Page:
Many other conditions, especially ‘psychiatric’ ones, fall into the category of ‘it’s a problem if it’s a problem.’ If a child has an obsession and can only ride in the right rear seat in a car, that is unlikely to be unmanageable, and does not necessitate treatment; however, if they can only ride in a blue Volvo in a right rear seat with Daddy and nobody else driving, now it’s a problem. Is your child just shy, or do they have social anxiety? Are they prone to moods, or clinically depressed? For close calls, that’s for the family, not me, to decide.

Looking at the other side of the coin, are there pediatric conditions which are not causing any problems, but still need treatment? The answer is yes. I am going to circle back once more to perhaps the most important of these today, by looking at body mass index (BMI). Elevated BMI is a potential marker for prediabetes, an asymptomatic condition. However, many of these children will go on to develop diabetes, a serious condition with lifelong complications including liver, heart, kidney, and many, many other problems. It is much easier, and better, to try and prevent diabetes before it occurs, by dropping the BMI (and only slight changes here can often succeed).

Bottom line, when I look at children through the spectrum of normal/abnormal, my focus is not specifically on achieving ‘normalcy,’ although that concept does play a role in my thinking in many cases. Rather, what I am focusing on is trying to ensure that every child, to the greatest extent possible, is able to live as independent and healthy an adult life as they can; normal and abnormal are just useful constructs on the way to achieving that goal

June schedule now open

Our June calendar is now open.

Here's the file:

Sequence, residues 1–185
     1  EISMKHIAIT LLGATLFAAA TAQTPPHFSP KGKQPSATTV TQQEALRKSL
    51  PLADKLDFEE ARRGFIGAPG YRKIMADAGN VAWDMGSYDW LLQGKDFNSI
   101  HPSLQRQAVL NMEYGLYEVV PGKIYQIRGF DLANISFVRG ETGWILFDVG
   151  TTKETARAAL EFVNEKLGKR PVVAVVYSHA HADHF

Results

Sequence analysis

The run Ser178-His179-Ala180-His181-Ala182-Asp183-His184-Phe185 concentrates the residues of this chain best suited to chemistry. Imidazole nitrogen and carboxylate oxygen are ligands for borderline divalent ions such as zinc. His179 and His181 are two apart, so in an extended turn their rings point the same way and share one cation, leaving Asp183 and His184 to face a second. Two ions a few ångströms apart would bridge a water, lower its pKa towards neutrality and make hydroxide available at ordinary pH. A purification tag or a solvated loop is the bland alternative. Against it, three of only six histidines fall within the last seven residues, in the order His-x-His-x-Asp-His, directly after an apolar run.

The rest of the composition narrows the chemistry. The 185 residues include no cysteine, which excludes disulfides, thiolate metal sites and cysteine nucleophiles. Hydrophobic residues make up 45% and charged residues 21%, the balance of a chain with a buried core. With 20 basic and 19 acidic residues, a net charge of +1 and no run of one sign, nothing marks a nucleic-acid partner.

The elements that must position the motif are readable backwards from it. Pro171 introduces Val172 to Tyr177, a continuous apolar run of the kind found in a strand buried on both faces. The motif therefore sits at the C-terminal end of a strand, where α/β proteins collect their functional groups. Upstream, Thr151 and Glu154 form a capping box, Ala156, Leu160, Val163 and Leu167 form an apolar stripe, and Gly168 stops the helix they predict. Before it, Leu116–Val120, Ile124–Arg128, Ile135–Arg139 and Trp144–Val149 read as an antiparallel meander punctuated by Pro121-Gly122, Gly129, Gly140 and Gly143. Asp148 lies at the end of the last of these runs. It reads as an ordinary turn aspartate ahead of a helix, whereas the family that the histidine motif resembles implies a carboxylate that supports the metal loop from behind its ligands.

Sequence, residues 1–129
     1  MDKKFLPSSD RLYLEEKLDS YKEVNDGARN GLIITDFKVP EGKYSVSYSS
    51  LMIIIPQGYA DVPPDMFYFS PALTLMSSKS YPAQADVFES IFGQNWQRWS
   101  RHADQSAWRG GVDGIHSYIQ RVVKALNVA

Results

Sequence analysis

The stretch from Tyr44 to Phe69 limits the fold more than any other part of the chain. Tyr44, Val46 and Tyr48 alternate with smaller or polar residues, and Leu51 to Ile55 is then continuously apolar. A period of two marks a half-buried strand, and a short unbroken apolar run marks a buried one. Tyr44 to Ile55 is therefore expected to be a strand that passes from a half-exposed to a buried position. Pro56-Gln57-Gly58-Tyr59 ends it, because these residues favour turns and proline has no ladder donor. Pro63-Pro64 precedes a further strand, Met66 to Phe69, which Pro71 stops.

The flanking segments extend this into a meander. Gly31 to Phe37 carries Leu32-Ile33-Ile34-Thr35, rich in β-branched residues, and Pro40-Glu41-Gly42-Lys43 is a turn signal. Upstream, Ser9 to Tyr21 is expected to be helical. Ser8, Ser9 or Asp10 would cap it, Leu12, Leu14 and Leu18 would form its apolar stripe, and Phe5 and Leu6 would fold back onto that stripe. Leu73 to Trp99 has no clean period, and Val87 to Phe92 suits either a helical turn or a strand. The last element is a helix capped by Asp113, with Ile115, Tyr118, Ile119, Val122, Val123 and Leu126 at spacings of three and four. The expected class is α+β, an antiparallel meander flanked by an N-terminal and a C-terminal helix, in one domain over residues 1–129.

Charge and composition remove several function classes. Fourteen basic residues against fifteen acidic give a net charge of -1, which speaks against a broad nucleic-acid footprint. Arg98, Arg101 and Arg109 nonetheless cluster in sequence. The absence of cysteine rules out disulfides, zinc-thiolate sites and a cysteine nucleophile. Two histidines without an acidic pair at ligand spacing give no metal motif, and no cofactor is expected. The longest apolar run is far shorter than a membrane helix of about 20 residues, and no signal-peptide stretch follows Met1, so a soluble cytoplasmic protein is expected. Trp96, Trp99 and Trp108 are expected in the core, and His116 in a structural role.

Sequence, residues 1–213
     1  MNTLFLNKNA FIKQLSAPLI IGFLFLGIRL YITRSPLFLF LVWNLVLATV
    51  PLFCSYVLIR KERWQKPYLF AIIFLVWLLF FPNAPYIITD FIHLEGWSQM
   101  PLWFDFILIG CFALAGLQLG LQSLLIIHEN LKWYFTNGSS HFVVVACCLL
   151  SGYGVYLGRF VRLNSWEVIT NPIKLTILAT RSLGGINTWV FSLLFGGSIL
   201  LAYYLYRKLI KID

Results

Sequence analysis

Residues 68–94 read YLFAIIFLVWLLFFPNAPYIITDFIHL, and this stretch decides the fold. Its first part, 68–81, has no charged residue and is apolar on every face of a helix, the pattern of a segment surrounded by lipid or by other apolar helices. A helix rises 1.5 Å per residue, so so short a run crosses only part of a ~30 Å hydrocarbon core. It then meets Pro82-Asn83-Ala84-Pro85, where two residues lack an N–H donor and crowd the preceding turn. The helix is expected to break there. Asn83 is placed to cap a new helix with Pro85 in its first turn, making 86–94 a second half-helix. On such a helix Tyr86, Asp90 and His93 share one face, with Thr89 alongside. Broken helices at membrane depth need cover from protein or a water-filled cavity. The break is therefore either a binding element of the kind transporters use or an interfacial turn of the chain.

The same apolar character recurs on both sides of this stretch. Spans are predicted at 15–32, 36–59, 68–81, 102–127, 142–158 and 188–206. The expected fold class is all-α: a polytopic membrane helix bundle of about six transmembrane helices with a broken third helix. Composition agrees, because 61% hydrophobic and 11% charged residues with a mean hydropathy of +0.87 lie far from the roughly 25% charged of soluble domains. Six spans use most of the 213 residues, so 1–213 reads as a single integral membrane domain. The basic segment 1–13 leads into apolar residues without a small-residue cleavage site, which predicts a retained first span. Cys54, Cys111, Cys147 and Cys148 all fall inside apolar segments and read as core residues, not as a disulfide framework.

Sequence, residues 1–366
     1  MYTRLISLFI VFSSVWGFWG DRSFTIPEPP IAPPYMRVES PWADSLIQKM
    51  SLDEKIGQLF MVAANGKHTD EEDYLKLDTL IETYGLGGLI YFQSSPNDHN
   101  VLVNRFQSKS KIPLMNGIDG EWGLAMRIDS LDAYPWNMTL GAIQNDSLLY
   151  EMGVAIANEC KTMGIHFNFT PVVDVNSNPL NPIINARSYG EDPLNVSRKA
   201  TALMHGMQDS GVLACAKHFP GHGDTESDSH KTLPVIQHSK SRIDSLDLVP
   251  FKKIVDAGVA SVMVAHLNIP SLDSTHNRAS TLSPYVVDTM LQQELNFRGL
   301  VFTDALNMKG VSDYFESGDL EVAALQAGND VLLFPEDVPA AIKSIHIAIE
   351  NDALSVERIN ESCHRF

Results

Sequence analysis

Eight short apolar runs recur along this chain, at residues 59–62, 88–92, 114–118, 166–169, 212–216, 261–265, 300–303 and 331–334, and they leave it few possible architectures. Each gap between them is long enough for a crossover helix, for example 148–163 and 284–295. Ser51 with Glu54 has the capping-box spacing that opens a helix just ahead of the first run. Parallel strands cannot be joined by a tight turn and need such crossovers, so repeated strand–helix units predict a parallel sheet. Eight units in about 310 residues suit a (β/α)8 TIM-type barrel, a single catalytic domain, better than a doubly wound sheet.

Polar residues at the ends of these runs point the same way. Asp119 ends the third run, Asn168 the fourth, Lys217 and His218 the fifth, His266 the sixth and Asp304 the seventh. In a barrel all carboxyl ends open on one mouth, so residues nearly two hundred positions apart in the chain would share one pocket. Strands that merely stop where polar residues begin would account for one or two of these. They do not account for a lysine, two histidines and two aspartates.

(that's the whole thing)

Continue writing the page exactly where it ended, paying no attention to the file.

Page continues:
The best way to schedule your appointment is directly from our website.

If you are trying to schedule a double well child check and are unable to find consecutive spots with the same provider we ask that you please give us a call.

May schedule now open

Our May scheduled is now open.

The best way to schedule your appointment is directly from our website at

If you are trying to schedule a double well child check and are unable to find consecutive spots with the same provider we ask that you please give us a call.

Blog: What is Normal Part two

What is Normal?

Part two: Lab work

In medicine, people often put great faith in testing and instruments. For example, studies have shown that for asthma, using an inhaler with a spacer is as effective as using a nebulizer. The former has the advantages of being easier to use, portability, and requiring less time. Nevertheless, many people, including many doctors, believe the latter is better, not because of any data, but simply because it uses a machine. So what about lab testing? This can give objective findings, and one assumes it will easy to determine normal from abnormal.
However, this is not always so. As with growth curves, abnormal is defined as a certain percentage of the population, regardless of health status. Furthermore, if you run large numbers of tests on a healthy person, the odds increase that at least one of them will fall outside the ‘normal’ range. What we are often looking for is the degree of abnormality. Suppose I am concerned that your child may have a liver disorder, and his liver enzyme test comes back at 32, with 30 being the upper limit of normal. Is that a concern? Almost certainly not, whereas a finding of 150 would be.

Blood testing for food allergies is another common area where testing is not as definitive as you might expect. If a random allergy panel is ordered, many children will have abnormal results, yet the child can tolerate those foods without difficulty. Without clinical correlation of symptoms, the tests are often worthless, and do not warrant avoiding those foods.

A similar area, undergoing further revision at present, is with vitamin D levels. Until recently, levels below 30 were felt to need treatment, but newer studies have called this into question. Thus, if there is any concern about vitamin D, it makes more sense to make sure your child is taking in enough, usually by milk (which has vitamin D added to it), or a vitamin supplement (non-milk dairy products are good sources of calcium, but usually do not have added vitamin D), rather than measuring a level.